Luke then looks at the images, telling me what can and can’t work while adding his own ideas. Depending on the book, the cover gets sent back and forth a few times – sometimes I have exactly what I’m looking for on the first go, but usually it takes three or four amendments, mostly minor details. I can be very picky, and a good cover artist will patiently make the changes you request.
Good covers have to strike the balance of being simple, yet conveying exactly what the story is about. If you try to do too much, the cover will appear busy and unprofessional. Luke had to remind me of that a few times when my ideas became too grandiose. Of course, the title should always be big and it must be clear what the genre is from the images used. And, as I said before, it’s important that the cover is beautiful.
LA – Don’t be afraid to tell a designer they are way off. Just remember: Be willing to accept a designer’s direction, too. They are the professional at this, after all.
Isn’t hiring a cover artist really expensive? Should I go with a pre-made cover, since they’re cheaper?
KW – The best artists are often quite expensive, but you should never skimp on a good cover. It’s the most visible part of your book, and without a good cover, your chances of selling well are extremely low. I feel like all too often indie authors try to cut corners on costs, which is one of the biggest mistakes that they can make when you’re talking about building a career.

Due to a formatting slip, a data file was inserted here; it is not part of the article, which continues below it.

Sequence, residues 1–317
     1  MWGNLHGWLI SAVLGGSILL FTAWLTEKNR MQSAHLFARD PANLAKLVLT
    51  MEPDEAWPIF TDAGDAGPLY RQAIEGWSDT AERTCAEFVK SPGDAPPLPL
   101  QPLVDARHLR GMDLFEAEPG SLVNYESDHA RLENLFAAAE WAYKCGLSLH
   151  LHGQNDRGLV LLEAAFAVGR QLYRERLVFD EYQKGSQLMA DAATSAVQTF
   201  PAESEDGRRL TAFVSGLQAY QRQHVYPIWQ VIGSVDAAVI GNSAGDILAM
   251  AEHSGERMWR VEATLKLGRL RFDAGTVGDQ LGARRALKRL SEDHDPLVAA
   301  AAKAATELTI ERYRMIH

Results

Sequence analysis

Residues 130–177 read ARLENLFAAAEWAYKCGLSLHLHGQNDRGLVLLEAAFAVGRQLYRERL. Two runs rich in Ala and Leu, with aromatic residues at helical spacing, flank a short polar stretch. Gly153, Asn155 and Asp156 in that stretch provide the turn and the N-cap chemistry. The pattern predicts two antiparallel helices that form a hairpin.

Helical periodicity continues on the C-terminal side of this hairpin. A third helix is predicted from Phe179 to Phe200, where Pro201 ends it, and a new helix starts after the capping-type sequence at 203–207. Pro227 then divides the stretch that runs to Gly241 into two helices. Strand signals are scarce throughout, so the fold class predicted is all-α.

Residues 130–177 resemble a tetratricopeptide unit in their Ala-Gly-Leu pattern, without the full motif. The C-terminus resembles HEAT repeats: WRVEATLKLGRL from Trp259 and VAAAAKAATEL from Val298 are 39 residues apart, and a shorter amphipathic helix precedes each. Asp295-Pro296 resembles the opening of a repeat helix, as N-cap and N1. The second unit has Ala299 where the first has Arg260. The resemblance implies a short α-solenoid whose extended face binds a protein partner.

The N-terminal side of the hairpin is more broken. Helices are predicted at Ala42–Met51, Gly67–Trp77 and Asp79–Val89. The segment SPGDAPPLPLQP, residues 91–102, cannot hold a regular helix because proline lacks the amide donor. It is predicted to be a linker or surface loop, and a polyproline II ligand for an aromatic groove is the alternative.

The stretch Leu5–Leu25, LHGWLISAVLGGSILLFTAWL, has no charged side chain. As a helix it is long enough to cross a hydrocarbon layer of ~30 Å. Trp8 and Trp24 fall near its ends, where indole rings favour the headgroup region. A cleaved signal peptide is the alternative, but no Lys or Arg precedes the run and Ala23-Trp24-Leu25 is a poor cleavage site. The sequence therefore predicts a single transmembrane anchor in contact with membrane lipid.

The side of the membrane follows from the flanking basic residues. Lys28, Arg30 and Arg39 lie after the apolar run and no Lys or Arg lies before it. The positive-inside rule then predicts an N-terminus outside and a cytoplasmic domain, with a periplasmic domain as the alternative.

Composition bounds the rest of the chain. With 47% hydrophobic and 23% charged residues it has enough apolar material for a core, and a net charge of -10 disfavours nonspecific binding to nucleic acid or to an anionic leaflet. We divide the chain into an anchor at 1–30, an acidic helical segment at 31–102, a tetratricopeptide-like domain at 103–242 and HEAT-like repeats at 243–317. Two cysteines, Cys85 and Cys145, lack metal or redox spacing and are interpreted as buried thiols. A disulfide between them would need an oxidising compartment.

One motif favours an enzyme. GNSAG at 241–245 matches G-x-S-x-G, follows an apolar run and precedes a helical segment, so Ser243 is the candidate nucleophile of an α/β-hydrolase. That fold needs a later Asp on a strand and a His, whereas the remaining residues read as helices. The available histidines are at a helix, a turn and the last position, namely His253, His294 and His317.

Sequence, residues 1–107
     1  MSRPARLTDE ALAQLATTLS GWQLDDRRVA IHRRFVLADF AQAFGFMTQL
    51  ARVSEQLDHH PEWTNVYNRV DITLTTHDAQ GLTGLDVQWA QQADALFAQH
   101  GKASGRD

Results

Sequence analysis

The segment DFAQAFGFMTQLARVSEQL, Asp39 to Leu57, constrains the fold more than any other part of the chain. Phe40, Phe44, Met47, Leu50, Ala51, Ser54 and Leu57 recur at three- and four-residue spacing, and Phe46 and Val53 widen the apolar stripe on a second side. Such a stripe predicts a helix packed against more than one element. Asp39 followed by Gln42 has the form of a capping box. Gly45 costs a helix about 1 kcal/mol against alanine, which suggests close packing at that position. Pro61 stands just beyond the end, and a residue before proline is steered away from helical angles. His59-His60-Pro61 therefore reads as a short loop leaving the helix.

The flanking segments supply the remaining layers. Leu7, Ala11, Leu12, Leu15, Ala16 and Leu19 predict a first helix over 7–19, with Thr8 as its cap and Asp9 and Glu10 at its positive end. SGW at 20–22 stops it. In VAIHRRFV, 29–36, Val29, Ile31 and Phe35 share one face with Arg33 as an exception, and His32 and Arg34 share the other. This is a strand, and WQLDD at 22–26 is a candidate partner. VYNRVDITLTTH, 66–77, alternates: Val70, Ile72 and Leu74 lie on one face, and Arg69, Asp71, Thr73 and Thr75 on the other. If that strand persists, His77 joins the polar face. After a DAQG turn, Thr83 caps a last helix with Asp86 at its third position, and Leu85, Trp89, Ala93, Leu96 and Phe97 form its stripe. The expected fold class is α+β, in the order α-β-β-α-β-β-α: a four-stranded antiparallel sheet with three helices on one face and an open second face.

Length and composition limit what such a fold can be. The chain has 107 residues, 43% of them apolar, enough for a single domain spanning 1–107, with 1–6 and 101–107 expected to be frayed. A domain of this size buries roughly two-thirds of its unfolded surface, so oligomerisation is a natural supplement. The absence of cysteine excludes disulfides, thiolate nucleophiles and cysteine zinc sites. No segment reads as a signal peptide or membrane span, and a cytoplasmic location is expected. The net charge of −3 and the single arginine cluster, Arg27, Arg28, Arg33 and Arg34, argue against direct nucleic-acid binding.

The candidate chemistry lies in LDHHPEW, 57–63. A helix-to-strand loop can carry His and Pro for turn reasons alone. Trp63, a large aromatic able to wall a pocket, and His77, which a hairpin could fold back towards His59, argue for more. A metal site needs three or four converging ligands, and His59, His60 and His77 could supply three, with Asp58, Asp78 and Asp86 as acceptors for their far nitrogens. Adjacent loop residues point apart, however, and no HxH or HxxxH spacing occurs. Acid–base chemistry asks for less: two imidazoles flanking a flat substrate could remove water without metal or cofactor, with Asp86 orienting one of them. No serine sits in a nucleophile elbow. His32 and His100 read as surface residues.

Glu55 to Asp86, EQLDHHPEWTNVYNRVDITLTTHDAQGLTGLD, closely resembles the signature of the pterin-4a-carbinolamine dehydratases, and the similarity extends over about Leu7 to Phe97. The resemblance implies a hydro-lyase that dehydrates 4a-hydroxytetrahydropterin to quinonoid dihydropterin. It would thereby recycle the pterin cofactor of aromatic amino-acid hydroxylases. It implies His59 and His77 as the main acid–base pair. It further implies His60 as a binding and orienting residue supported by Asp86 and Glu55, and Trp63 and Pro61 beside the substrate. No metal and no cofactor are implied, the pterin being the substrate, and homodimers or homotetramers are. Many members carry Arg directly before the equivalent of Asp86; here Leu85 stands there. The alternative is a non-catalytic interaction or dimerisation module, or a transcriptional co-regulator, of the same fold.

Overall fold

Pre-made covers are excellent, and some can be as cheap as $25 or $35. Don’t limit yourself to that price tag, though. If you’re working on a series, pre-mades are not the way to go, since pre-mades mostly cater to standalone titles.
I don’t know anything about designing book covers. How can I give the artist the feedback he/she needs when I don’t even know what I want?
KW – Go look at the top twenty books in your main genre and subgenre on Amazon, and that should give you a benchmark. Most cover artists, assuming you hire an experienced one, already know the ins and outs. But even with a professional cover artist, sometimes you might not get what you’re looking for. In that case, don’t be shy about graciously asking them to fix the aspects you don’t like.
LA – There is always a sort of “meta-game” associated with graphic design. Sometimes simplicity says it all. Other times big and flashy wins. Find a style that works for you and your designer. Together you’ll create something great.
Can’t I just design my own book cover?
KW – Don’t design your own covers unless your work is indistinguishable from a professional’s.
Any last tips?
KW – The key to a great partnership with a cover artist is lots of communication, professionalism, and knowing ahead of time what kind of covers the artist specializes in. And if the process goes well and you get a rocking cover, you’ll have an artist to turn to whenever you write your next book.
LA – Word.
Kyle West is the author of The Wasteland Chronicles. From a young age he has always been a voracious reader of sci-fi and fantasy. He graduated from the University of Oklahoma with a degree in Professional Writing. He writes full-time and resides in the bustling metropolis of Oklahoma City. He blogs at kylewestwriter.wordpress.com
Luke Atkinson is a graphic designer from Oklahoma City. He graduated from the University of Oklahoma in 2010. He has been designing in print and web media for 7 years. His work can be found at lukeatkinson.me